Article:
Have you been dreaming of making your own pond since you were a kid? Did you dig one and get the hose only to find mom or dad standing over you and the water slowly draining into the ground as you filled it?
Now that you can fulfill your landscaping dream on your own land, here are some ideas about how you can do it.
First thing to start with – a nice liner, roll or preformed, to prevent adding water from your house back into the water table.
Remember also to consider not only that beautiful location you have in mind but the effect of sunshine and rain. Your pond will be a mini-ecosystem, and the environment around it will affect how much of a role you will play in its balance with nature.
Pearl Sanborn has some excellent suggestions about plants and fish, along with an amazing story about what happened to her fish over the winter!
For plants, she makes the very logical suggestion to observe local natural ponds for plant life, and even – legally – introduce some of those species to your own pond in harmony with your area.
Pearl suggests ‘silo cap’ from the farm store as a cheap liner, perhaps doubled. You can also obtain roll liners, and performed ones from companies such as www.justliners.com, who offer free assistance with your project.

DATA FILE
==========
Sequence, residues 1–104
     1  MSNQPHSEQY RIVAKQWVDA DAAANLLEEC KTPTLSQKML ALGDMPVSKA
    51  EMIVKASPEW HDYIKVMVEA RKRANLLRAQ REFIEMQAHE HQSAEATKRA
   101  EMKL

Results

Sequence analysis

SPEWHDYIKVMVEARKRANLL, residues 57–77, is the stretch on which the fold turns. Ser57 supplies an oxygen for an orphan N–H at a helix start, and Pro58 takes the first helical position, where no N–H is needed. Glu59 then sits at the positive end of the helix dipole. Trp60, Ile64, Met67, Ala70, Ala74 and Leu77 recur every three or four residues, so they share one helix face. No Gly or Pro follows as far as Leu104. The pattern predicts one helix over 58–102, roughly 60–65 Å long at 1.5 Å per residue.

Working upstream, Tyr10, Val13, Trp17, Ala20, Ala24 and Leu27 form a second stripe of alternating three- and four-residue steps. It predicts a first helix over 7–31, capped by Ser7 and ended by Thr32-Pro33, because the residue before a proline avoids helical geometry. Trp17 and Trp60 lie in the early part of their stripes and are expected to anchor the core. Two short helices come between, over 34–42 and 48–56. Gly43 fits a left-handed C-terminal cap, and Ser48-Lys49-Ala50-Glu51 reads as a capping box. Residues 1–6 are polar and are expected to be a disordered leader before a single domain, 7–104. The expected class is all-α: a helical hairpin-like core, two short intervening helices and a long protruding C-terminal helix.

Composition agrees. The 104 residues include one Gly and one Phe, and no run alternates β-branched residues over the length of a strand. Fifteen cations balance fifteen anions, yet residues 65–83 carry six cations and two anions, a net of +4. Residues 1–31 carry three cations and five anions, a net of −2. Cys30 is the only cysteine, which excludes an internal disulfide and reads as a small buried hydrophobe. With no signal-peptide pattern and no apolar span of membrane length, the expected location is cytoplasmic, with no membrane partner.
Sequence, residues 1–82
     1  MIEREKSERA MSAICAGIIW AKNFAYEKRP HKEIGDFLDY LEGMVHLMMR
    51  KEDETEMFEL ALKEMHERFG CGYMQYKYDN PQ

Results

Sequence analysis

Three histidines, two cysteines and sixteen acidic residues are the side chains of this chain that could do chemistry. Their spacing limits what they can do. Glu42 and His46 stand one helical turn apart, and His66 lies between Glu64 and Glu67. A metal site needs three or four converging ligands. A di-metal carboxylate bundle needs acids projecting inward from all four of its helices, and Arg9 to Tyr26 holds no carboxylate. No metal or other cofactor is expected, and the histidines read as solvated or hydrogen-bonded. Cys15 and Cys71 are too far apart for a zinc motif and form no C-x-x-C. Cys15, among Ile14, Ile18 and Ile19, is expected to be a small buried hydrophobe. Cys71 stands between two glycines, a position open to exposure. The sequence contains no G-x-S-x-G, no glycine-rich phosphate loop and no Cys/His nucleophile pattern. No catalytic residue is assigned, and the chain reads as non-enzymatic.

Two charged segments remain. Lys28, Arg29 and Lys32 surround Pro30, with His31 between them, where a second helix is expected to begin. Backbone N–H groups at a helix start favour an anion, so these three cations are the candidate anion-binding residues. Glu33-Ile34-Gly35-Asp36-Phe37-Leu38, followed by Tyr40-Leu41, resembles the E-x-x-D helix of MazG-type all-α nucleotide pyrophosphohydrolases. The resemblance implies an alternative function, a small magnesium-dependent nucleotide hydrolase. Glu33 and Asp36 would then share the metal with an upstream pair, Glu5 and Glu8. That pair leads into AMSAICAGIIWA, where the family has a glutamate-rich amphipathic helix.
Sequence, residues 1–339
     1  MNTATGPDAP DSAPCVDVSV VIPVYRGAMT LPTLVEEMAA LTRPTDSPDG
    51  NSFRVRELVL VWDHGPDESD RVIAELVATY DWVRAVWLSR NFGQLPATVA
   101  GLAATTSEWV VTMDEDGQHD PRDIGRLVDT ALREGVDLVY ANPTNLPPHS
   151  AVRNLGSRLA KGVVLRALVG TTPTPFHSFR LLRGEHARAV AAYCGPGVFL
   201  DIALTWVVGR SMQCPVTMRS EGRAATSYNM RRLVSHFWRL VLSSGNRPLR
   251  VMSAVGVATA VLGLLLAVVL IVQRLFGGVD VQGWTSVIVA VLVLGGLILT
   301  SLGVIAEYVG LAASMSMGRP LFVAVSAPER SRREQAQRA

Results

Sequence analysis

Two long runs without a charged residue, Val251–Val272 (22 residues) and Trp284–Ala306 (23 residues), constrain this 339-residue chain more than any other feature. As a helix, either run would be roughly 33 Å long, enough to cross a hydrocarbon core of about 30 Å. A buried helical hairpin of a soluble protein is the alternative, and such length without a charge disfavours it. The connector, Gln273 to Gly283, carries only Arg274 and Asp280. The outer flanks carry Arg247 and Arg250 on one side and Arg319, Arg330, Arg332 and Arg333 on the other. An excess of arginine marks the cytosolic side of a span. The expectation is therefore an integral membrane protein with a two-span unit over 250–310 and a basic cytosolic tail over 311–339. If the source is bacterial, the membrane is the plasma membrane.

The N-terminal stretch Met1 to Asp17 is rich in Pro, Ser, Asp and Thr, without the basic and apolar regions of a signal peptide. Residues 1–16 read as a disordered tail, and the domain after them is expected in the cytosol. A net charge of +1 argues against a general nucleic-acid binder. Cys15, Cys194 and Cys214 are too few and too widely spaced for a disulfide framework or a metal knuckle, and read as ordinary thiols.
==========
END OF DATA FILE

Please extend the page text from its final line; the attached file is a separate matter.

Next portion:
For both roll liners and preformed, the key is to make sure that the liner rests firmly on the soil underneath. This can mean a few measurements while you dig, and can also involve some packed sand to form the bed.
Rocks, of course, need to be removed or covered over in the process, as appropriate. Care of your liner is key to the longevity of your pond landscaping project!
If you’ve had an indoor aquarium you have some idea of the major concerns of your pond ecosystem over time. Sunlight is the big one, algae love it.
A pump to keep the water circulating can help, too, and you can even use it to power a waterfall feature. Don’t forget tree leaves, which can make a mess and can also change the chemistry of the water.
Finally, before starting, two tips if you’ve got sloping land: remember that water will level itself, so you need to make a pond where the downhill side is high enough to hold a level pool of water.
Also, remember that water is heavy and will push hard on the downhill side of the pond, so make sure it is well designed and shored up, even creating an embankment with wood and stakes or some other support.
Like most landscaping projects, the key is good planning. If you do a good job in the beginning you’ll be able to creatively decorate the pond landscape feature with a stone rim, add fish and plants, create a small sitting garden beside it for relaxation, and watch your pond become a part of the lives of all sorts of creatures as well!
Your beautiful little pond can last for years, but it can also be a great way to learn and experiment.
Affordable materials mean you can get going now, and while you’re enjoying your new pond you can start thinking about pond landscaping ideas for a more advanced plan for the future if you like!